Draw around the base of the tin onto the smaller piece of baking paper. Fold the circle into quarters. If you have trouble seeing the lines to line them up, try placing the paper onto a white or light coloured surface, the pencil lines should show up better. Cut along the line and unfold the circle.
Spray the tin with oil.
Place the long strip of baking paper into the tin and unroll it around the sides of the tin, adjusting it up or down as necessary.
Spray the overlapping end with oil to adhere it. Place the circle of baking paper on the bottom of the tin and smooth out any air bubbles.
To make the baking strips, tear off a piece of foil long enough to wrap around the tin with a 10cm or so overlap. Tear off (or cut) two strips of paper towel the same length.
Fold the foil in half lengthwise and then unfold.
Lay one strip of paper towel on top of the other and fold in half lengthwise. Roll or fold them up, then saturate the towels with water and squeeze them out very lightly, just until they no longer drip all over your bench and/or floor.
Lay the towel along one side of the foil, and fold the other side of the foil over. Fold the edges in (trim or fold the paper towels if they stick out too far, you should be able to fold the foil over at least once.)
Fold over the top edge of the foil, and then fold it over again to seal. We’re done folding now, promise. It’s not origami….
Place the baking strip with that folded edge on the bottom and facing towards the tin, and wrap the strip around the tin.
Pull the strip tight and secure in place with the metal clips. (Note: if you are lining a square tin the concept is basically the same, but you will need to crease the strips at the corners. Make sure you crease it all the way up above the tin – if your cake rises above the edge of the tin then the strip will help it keep it’s shape).
Run a finger around the top of the strip to smooth out any lumps and bumps. If your cake rises above the level of the tin then it may take on any odd shapes the strip makes.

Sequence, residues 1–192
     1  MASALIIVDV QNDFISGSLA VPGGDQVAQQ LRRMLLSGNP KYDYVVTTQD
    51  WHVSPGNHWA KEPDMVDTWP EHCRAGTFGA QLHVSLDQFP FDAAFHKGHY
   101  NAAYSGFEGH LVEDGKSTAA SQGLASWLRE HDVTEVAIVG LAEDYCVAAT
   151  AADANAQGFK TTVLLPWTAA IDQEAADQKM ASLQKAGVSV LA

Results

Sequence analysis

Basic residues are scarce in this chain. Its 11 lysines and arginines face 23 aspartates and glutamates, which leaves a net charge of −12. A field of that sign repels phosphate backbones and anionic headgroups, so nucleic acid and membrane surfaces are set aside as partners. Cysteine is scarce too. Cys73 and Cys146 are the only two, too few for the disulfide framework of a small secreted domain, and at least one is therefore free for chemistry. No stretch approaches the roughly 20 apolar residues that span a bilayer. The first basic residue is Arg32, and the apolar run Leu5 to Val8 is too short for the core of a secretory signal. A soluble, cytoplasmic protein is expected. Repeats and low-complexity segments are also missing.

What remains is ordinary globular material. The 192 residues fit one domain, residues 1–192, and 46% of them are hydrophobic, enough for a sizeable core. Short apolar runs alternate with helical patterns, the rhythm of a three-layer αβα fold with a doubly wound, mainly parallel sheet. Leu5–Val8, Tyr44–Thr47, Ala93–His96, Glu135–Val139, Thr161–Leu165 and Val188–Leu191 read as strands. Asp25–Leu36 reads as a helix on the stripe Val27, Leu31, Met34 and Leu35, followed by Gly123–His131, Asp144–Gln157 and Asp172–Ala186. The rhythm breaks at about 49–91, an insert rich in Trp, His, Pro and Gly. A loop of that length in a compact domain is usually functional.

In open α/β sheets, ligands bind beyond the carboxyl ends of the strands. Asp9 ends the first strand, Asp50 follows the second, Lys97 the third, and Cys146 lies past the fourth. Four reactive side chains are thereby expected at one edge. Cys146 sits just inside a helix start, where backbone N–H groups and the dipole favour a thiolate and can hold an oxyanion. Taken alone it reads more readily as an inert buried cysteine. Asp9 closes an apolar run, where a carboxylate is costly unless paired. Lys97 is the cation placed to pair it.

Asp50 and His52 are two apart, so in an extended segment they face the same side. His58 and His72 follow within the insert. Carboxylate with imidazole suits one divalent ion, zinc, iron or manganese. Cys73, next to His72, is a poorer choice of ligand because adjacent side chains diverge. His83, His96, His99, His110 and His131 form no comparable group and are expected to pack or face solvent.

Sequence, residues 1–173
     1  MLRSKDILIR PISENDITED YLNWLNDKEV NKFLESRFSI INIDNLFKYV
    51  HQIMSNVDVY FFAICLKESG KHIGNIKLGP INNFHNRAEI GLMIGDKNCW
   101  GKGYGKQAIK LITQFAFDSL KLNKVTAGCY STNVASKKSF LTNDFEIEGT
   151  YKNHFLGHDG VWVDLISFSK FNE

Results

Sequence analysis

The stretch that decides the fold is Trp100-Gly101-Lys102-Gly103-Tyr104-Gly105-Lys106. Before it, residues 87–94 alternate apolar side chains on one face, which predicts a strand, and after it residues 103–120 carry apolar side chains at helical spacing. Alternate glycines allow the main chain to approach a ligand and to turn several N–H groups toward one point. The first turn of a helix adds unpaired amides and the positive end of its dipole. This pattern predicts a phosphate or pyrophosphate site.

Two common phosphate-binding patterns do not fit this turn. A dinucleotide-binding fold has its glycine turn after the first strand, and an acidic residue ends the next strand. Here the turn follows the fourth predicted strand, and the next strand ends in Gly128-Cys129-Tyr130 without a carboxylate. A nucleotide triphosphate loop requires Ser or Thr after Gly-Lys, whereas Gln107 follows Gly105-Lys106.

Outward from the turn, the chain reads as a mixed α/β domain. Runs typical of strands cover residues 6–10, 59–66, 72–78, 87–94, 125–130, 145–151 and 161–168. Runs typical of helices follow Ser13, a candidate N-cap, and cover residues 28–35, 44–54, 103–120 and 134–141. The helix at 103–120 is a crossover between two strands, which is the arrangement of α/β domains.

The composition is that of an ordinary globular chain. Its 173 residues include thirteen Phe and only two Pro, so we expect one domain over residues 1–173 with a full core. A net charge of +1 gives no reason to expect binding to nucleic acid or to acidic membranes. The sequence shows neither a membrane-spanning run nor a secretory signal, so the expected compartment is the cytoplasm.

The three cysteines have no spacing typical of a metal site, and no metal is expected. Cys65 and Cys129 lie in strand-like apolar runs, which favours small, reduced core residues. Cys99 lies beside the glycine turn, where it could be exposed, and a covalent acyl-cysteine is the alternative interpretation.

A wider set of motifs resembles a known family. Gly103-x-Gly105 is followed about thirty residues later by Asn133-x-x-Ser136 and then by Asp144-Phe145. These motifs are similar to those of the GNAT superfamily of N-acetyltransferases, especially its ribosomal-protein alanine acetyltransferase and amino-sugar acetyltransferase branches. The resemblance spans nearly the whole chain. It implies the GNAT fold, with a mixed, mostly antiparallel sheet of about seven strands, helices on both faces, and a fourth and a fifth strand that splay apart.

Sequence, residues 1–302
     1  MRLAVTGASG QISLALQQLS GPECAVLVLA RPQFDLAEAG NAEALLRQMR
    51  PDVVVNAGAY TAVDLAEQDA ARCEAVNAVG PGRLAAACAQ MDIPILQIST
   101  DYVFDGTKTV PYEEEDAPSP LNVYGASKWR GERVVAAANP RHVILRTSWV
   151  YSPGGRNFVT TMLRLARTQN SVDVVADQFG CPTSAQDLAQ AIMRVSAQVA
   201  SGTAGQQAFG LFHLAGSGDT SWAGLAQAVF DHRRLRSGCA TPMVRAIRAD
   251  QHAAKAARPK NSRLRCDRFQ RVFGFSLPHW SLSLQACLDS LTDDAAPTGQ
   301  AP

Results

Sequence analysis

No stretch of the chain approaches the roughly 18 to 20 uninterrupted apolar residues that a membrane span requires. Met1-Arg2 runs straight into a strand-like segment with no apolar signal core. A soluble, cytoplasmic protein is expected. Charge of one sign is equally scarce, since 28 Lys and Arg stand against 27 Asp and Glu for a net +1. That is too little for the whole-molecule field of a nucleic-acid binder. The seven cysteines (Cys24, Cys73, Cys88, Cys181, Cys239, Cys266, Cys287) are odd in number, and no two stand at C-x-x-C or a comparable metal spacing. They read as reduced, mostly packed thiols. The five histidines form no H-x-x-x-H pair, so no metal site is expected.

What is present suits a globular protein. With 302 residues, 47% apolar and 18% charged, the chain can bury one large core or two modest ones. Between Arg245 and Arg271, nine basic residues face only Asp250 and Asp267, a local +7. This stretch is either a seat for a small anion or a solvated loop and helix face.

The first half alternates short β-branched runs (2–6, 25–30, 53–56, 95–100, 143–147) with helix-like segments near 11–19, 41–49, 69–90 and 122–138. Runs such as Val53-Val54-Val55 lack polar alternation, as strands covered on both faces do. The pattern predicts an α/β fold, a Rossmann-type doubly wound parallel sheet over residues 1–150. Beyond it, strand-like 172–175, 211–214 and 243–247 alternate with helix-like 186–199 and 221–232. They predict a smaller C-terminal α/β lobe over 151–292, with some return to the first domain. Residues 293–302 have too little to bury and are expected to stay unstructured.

Snip the top edge of the strip in a few different spots around the tin, this lets a little of the steam out as the moisture in the paper towels evaporates and stops the strips from puffing out due to trapped steam, and distorting the top of your cake. Trust me on this one, it took me a few wiggly cakes to realise it.
Now you can make your cake batter and fill the tin. If using the foil lid then place this over the top just before putting the cake in the oven.
Ok, ok, it looks a little ridiculous, like the Tin Man is baking Dorothy a birthday cake, but I’m sure Dorothy hates dry cake almost as much as tornadoes and will appreciate the effort!
You can re-use the strips more than once, just carefully open up the foil and either re-wet the same paper towels or replace them with fresh ones.
If the strips dry out completely during cooking and start smelling burnt, then you can remove them before the cake is done – they will have done most of their job protecting the cake by the time they dry out. If you suspect the cake has a lot longer still to bake then you can put new strips on, or re-wet (or replace) the paper towels in the strips – just use oven mitts to remove the hot metal clips, and let the strips cool a bit before you handle them! (And the cake should go back in the oven while you refresh the strips).
I love these strips for my mud cakes, but I also use them when I’m baking rich fruit cakes for Christmas. Traditionalists would probably be completely horrified that I don’t line my fruit cake tins the ‘proper’ way with layers of brown paper or newspaper, but this way you can avoid that gawd-awful smell of burning newspaper. And really, who wants to smell that for three/four/five+ hours while a cake bakes?!
Just quietly, I much prefer to sniff the brandy…
As always, if you have any questions you know where to find me (hint: the comments below is a good place to start looking, I don’t camouflage well. It’s the ginger hair, I suspect.)